same time and their feelings do not always synchronize with reality. The most succinct
description was provided by the late Shirley Glass, PhD:
“One of the ironies of healing from infidelity is that the perpetrator must become the
healer. This means that betrayed partners are vulnerable because the person they
are most likely to turn to in times of trouble is precisely the source of their
The inherent conflict for a betrayed spouse is obvious, but Dr. Glass also recognized how
difficult this balancing act can be for a repentant adulterer:
“On the other hand, [unfaithful] partners sometimes find it hard to stay engaged
with their spouses when they know they are the source of such intense pain.”
The key, of course, is to stay engaged nonetheless. Be supportive and remorseful, and
above all… keep talking.
Particular dates, places, items and activities can bring back their pain as intensely as ever.
It feels like they’re caught in a loop as they relive the trauma. It is emotionally debilitating.
Triggers can cause days and nights of depression, renew anger, and can spark and reignite
nightmares, which may make them fear sleeping. Triggers can cause them to question if
they will ever again experience life without the anguish.
Get rid of all the reminders immediately: Gifts, letters, pictures, cards, emails,
clothing… whatever your spouse associates with your affair. Do this with your spouse so
they are not left wondering when those triggers may recur. Never cling to anything that
bothers your partner. It leaves the impression that your keepsakes and mementos, or any
reminders of your affair, are more important to you than they are.
Attend to your partner. Learn what dates, songs, places, etc., are triggers for your
partner. Pay attention to your environment: If you hear or see something that you think
might be a trigger, assume it is. Each occasion a trigger arises is an appropriate moment
for you to communicate a clear and heartfelt message that you’re sorry you acted so
selfishly and caused this recurring pain. So again, apologize and let them know how much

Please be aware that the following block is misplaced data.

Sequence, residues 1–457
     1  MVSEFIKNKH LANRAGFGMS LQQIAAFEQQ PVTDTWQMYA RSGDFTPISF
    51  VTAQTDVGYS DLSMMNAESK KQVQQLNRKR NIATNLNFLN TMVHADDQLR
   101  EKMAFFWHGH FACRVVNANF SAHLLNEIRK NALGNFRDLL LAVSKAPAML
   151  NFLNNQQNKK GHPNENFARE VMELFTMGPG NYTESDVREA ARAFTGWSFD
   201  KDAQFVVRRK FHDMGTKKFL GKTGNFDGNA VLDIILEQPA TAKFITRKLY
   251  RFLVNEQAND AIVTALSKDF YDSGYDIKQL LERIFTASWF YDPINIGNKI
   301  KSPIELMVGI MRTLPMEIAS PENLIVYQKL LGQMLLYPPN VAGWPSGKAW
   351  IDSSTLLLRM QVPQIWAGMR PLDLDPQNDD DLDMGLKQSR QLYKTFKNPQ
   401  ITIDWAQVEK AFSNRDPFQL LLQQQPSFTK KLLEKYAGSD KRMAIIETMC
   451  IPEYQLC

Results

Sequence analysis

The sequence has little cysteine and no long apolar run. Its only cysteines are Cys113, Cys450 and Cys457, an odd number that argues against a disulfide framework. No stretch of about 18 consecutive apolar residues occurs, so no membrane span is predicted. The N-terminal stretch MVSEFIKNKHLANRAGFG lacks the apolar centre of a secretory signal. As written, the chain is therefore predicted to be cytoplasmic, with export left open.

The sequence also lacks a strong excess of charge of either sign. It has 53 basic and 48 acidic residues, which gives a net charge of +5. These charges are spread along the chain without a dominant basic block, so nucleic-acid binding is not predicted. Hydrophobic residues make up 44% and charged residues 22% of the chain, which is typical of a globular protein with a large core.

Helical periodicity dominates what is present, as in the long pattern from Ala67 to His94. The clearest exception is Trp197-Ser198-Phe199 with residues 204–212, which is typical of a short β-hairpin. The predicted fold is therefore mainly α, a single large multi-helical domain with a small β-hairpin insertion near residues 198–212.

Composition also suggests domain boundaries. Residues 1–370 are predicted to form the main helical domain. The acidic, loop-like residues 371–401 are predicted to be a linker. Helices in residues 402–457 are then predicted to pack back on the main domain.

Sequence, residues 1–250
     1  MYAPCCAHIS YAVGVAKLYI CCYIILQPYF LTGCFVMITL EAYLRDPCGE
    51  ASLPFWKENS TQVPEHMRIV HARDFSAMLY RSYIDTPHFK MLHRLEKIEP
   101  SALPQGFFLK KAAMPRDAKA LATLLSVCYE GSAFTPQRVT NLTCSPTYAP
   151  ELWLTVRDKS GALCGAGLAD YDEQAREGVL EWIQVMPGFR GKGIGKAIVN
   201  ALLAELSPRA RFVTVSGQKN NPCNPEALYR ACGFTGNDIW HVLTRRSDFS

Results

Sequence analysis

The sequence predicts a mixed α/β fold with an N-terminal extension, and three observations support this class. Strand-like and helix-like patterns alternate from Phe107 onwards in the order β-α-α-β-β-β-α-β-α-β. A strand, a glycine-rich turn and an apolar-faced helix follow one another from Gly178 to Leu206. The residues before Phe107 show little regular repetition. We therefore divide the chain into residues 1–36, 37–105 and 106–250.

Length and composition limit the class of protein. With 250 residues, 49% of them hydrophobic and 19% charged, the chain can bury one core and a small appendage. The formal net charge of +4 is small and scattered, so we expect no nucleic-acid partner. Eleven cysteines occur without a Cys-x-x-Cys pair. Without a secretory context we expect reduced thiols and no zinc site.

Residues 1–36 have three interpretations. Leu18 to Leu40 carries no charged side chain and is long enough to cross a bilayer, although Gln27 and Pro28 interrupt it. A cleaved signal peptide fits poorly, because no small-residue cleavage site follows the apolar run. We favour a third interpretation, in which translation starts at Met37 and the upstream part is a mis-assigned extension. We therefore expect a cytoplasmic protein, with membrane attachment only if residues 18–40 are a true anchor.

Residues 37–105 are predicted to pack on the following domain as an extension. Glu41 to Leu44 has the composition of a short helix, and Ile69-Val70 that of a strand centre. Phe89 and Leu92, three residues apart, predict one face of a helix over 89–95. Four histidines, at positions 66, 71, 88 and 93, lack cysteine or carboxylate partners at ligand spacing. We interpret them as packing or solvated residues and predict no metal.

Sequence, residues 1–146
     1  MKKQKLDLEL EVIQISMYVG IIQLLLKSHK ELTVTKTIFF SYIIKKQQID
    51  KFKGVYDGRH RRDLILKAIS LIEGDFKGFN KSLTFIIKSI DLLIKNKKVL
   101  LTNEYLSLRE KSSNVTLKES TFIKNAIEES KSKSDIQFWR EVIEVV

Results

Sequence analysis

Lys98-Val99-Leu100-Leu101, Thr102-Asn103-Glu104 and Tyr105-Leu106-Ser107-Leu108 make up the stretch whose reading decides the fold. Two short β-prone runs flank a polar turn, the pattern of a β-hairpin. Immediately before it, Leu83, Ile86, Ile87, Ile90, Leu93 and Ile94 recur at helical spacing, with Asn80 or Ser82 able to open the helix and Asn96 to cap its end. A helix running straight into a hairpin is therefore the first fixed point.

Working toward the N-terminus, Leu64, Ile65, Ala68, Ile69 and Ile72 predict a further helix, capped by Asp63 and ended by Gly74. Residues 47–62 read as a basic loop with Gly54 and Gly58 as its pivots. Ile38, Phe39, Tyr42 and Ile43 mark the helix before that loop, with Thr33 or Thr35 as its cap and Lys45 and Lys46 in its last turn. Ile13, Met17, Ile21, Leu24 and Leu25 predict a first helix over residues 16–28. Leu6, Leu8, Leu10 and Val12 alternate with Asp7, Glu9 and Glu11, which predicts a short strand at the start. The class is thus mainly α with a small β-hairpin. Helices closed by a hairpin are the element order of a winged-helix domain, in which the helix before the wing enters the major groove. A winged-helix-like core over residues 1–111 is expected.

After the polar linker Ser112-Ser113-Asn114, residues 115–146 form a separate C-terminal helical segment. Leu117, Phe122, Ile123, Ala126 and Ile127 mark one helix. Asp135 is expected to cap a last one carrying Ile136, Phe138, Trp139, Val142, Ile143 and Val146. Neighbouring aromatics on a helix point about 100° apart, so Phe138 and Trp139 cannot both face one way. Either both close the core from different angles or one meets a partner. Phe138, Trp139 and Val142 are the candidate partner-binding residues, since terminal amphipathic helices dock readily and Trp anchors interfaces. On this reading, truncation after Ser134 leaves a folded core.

you love them. The occurrence of a trigger is also a good opportunity to express that you
choose them and not your affair partner, which is important for them to hear. If a trigger
occurs in public, you can still wrap your arm around your spouse’s waist or shoulder, or
simply squeeze their hand, but verbalize your apology as soon as you are alone again.
It is very important for you to understand and remember this… Triggers can remain active
for their entire life. Don’t ever think or insist that enough time has passed that they should
be “over it” because another sad truth of infidelity is: Your affair will remain a
permanent memory for them, subject to involuntary recall at any time – even
decades later. They will NEVER be “over it.” They simply learn to deal with it better as
they heal, as you earn back their trust, and as you rebuild your relationship – over time.
What else can you do to ease their pain and relieve their stress?
Make certain you’ve killed the beast:
Your affair must be over, in all respects, completely and forever. You cannot put your
marriage in jeopardy ever again. Your spouse has given you a second chance that you
probably don’t deserve. That may sound harsh, but think about it this way: Despite any
marital problems the two of you experienced, you would certainly understand if they
divorced you solely because of your adultery. So assume there will not be a third chance
and behave accordingly. This opportunity you have been bestowed is a monumental gift,
particularly considering the anguish you caused them. Treat this gift, and your spouse, with
care and due respect: No contact means NO CONTACT OF ANY KIND – EVER.
Get into therapy:
Most attempts to heal and rebuild after infidelity will fail without the assistance of a qualified
therapist. Make certain you both feel comfortable with the therapist. You must trust them
and have faith in their methodology. Talk about it: If either of you is uncomfortable with
your therapist at any time, don’t delay – find another. And if need be, yet another. Then
stick with it. Save particularly volatile topics for counseling sessions. Your therapist will
provide a neutral place and safe means to discuss these subjects constructively. Every so
often, think back to where you were two or three months earlier. Compare that to where
you are now and determine if you’re making progress. Progress will be made slowly, not
daily or even weekly, so do not perform daily or weekly evaluations. Make the comparative
periods long enough to allow a “moderate-term” review rather than “short-term.” Expect
setbacks or even restarts, and again… stick with it.
Actually, that should read: “Apologize, apologize, apologize.” You cannot apologize too
often, but you can apologize improperly. Apologize genuinely and fully. Betrayed spouses
develop a finely calibrated “insincerity radar.” A partial or disingenuous apology will feel
meaningless, condescending or even insulting, particularly during the months following